Casting the Divine: Sculptures of the Nyingjei Lam Collection, Rubin Museum of Art, New York (2 March 2012–11 February 2013)
Holy Madness: Portraits of Tantric Siddhas, Rubin Museum of Art, New York (11 February–3 September 2006)
The Sculptural Heritage of Tibet: Buddhist Art in the Nyingjei Lam Collection, Ashmolean Museum, Oxford (6 October–30 December 1999)
R. Linrothe, Holy Madness: Portraits of Tantric Siddhas (New York & Chicago: Rubin Museum of Art and Serindia Publications, 2006), cat no. 53
J. Watt, Himalayan Art Resources (himalayanart.org), no. 68468
D. Weldon and J. Casey Singer, The Sculptural Heritage of Tibet: Buddhist Art in the Nyingjei Lam Collection (London: Laurence King Pub, 1999), fig 48, p. 131
Having mastered all phenomena, (and) achieved supreme enlightenment through ( his) effort, aiding all beings, homage to Virupa.
This sturdy little image shows the master wizard Virupa casting a spell with his raised left hand, extending his index and little fingers. His forehead is broad, and the entire head rather large even for the portly body. Beside the thickly beaded bone ornaments on his arms, ankles, and chest, well-executed flowers form a high-relief garland and crown. His hair is pulled up into a high bun. From the topknot emerges a vajra finial, typical of deities and generally found in depictions of yogis from the seventeenth century on. The deerskin that covers the curved top of the lotus dais has a pelt-like stiffness, and the artist took care to score the wet clay of the mould or model with details of the hide.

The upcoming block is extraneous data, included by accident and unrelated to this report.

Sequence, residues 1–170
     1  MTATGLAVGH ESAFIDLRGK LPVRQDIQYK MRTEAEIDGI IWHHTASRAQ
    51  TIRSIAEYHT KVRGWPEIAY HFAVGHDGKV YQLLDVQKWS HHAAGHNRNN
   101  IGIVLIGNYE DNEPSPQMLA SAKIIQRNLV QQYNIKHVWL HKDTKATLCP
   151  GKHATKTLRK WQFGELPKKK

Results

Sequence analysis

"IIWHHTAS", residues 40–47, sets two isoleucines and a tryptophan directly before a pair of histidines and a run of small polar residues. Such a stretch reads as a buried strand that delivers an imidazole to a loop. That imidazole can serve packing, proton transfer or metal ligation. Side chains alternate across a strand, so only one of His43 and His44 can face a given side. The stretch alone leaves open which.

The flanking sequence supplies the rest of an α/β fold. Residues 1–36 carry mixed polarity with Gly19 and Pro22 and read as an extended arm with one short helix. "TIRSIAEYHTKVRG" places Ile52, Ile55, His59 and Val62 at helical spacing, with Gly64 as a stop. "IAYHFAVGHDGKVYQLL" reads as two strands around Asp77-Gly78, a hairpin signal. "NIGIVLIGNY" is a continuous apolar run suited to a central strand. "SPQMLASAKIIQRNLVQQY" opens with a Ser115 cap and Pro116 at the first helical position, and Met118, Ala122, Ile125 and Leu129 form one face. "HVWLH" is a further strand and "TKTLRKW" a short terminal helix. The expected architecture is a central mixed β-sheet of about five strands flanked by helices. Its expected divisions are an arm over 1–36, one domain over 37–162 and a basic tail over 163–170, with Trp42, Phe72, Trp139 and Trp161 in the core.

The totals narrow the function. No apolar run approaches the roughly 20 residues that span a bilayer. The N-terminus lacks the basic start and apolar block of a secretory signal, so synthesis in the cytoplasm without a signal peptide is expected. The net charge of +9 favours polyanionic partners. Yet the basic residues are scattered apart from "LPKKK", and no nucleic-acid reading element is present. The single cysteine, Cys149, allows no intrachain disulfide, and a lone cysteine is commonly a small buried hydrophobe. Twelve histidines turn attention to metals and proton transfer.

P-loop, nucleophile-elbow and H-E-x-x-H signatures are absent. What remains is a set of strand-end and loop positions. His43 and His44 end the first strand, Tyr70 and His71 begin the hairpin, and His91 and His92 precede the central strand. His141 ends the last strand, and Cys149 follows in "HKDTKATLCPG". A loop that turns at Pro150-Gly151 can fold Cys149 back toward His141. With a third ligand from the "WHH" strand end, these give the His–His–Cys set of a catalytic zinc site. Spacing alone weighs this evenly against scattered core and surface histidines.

It cannot be confirmed to which of Virupa's miracles this image refers. The gesture of the left hand raised sometimes represents his commanding the Ganges River to part or to reverse its flow. However, the same gesture is also used to indicate his most famous, and apparently dissolute, miracle, nailing down a ray of sun to keep it from moving until he drank his fill.